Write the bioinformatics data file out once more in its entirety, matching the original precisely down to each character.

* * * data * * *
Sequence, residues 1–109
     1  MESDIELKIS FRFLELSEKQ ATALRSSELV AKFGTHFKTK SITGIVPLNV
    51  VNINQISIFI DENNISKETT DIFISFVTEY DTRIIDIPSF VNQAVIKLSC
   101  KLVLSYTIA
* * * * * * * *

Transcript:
Sequence, residues 1–109
     1  MESDIELKIS FRFLELSEKQ ATALRSSELV AKFGTHFKTK SITGIVPLNV
    51  VNINQISIFI DENNISKETT DIFISFVTEY DTRIIDIPSF VNQAVIKLSC
   101  KLVLSYTIA